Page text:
Adviser CEO Faces Up to 45 Years for Fraud, Keeping Employee 401(k) Contributions

Maddox Group’s Adam Belardino faces up to 45 years in prison for wire fraud and making false statements to the IRS.

The CEO of a financial advisory firm pled guilty last week  to charges including embezzling more than $313,000 from clients and using employee contributions to the firm’s 401(k) plan for both personal and company use.

Adam Belardino, who led the New York-based firm The Maddox Group, last week also pled guilty to two counts of wire fraud and one count of making a false statement to the IRS in connection with schemes to defraud clients and failing to pay the employees’ retirement contributions. He faces up to 45 years in prison.

According to the U.S. Attorney’s Office for the Southern District of New York, Belardino started a retirement savings plan on behalf of the Maddox Group employees, effective at the beginning of 2020 and served as the trustee of the plan. He pled guilty to failing to deposit a little over $8,000 into the plan’s trust account that he had withheld from the paychecks of the four Maddox employees other than himself who participated in the plan.  

The U.S. Attorney’s office said Belardino instead converted the funds meant for the 401(k) plan for his personal use and for the company’s use. And the charge of making a false statement to the IRS stems from Belardino authorizing the retirement plan administrator to file an IRS form in which he falsely answered that there was no failure to transmit to the plan any participant contributions.

Belardino also pled guilty to embezzling more than $313, 000 from one his clients. According to an unsealed indictment, Belardino had managed the client’s investments at another firm before he founded Maddox in July 2019.  That following month, he convinced the client to liquidate some of her portfolio and transfer the funds to Maddox to invest.  However, the indictment said that instead of investing the client’s money, he used it to pay his company’s operating expenses, including payroll and office rent, personal travel, and personal credit card charges.

The indictment said that the client instructed Belardino to transfer her portfolio at Maddox to another firm; however, despite telling the client and her family members he was liquidating the portfolio and would return the funds shortly, the client never received any funds by wire, and the checks Belardino had deposited were returned due to insufficient funds.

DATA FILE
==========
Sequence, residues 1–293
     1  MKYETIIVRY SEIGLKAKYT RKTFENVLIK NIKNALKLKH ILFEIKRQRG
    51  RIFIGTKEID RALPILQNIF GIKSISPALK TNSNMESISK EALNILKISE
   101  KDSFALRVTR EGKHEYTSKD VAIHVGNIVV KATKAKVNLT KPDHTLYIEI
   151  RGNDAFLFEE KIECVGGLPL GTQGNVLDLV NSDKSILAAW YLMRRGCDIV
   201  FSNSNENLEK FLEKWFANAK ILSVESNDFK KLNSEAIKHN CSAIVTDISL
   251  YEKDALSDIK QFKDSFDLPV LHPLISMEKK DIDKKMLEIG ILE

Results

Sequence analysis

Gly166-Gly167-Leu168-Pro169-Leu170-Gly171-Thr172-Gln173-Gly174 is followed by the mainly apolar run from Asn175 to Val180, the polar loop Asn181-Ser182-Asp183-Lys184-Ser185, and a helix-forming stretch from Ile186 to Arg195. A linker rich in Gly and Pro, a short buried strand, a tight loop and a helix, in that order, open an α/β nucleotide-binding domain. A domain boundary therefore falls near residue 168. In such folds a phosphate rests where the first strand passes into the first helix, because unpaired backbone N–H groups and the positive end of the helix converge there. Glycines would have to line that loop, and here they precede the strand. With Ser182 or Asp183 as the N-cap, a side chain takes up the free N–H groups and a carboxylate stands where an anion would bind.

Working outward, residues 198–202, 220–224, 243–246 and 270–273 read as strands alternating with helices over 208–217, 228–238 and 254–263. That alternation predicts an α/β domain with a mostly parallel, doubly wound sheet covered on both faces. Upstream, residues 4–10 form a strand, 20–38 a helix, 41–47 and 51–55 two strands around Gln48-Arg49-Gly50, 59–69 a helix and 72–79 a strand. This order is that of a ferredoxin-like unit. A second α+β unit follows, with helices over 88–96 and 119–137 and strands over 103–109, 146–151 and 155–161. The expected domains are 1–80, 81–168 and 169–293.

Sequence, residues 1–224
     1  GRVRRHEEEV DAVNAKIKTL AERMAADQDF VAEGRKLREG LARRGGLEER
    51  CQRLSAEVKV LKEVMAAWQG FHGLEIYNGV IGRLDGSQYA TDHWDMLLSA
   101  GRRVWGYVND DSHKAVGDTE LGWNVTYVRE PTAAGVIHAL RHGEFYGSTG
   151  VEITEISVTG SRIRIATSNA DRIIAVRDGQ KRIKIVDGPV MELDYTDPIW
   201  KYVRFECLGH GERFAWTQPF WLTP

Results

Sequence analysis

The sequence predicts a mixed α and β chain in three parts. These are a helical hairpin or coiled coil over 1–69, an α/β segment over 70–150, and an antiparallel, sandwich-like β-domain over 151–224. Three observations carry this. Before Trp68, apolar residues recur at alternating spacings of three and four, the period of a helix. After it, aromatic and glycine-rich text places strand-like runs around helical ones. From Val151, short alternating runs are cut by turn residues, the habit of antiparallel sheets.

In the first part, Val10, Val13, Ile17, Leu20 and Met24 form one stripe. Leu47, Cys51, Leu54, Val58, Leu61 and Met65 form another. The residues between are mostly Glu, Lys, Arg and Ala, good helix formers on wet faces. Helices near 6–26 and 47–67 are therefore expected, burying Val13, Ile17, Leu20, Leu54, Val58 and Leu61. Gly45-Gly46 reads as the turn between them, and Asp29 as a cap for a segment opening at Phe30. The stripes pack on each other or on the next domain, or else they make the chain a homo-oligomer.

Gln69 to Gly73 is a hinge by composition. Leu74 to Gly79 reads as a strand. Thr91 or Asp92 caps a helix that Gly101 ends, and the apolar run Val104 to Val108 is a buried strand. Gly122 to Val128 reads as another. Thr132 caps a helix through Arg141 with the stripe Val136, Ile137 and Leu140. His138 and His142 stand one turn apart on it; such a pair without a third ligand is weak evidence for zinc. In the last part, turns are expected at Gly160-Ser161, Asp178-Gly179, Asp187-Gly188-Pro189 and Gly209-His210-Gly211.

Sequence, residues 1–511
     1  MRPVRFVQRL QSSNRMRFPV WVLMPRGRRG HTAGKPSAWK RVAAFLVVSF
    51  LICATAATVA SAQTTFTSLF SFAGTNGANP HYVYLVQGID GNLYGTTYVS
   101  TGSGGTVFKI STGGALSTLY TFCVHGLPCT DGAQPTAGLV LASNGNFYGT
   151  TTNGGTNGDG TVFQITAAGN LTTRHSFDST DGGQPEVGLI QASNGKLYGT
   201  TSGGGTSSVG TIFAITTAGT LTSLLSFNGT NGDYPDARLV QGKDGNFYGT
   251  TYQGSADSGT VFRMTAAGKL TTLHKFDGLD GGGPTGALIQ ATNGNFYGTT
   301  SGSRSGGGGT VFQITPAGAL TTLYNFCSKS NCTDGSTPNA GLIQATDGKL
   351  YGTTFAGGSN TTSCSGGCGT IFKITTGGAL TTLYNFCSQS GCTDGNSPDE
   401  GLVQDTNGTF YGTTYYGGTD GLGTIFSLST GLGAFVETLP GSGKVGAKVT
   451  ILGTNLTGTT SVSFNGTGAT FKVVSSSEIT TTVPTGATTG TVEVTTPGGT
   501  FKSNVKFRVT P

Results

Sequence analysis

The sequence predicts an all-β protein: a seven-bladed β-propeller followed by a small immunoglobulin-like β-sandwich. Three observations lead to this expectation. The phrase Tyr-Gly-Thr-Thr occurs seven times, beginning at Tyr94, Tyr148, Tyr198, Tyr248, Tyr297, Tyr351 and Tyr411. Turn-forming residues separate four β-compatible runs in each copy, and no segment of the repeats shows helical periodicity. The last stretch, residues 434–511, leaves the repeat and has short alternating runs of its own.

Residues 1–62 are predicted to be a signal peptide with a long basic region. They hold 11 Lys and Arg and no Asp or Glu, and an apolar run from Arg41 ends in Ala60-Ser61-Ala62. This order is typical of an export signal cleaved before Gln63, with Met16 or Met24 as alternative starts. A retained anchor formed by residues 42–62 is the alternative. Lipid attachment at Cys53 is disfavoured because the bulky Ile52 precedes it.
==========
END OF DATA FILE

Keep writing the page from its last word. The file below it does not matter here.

Belardino also pled guilty to obtaining fraudulent life insurance commissions. According to U.S. Attorney’s office, Belardino served as the agent for an unnamed insurance company in connection with an application by another client for a life insurance policy with a face amount of $1 million, which was eventually increased to $18 million.  As an agent, Belardino received commissions from the insurance company once the client’s application was approved.

Belardino also applied for two more life insurance policies on behalf of the client without their knowledge or authorization with a face value of $3 million and $5 million respectively.  While applying for the policies, Belardino lied about the client’s net worth and health, and increased the face amount of one insurance policy to $6 million and the other to $12.1 million again without knowledge or authorization.  He also paid and attempted to pay the policy premiums of $194,280 and $105,000 respectively with the client’s funds, while at the same time receiving nearly $200,000 in commissions.

Belardino, 37, pled guilty to two counts of wire fraud, each of which carries a maximum sentence of 20 years in prison, and one count of making a false statement to the Internal Revenue Service, which carries a maximum sentence of five years in prison.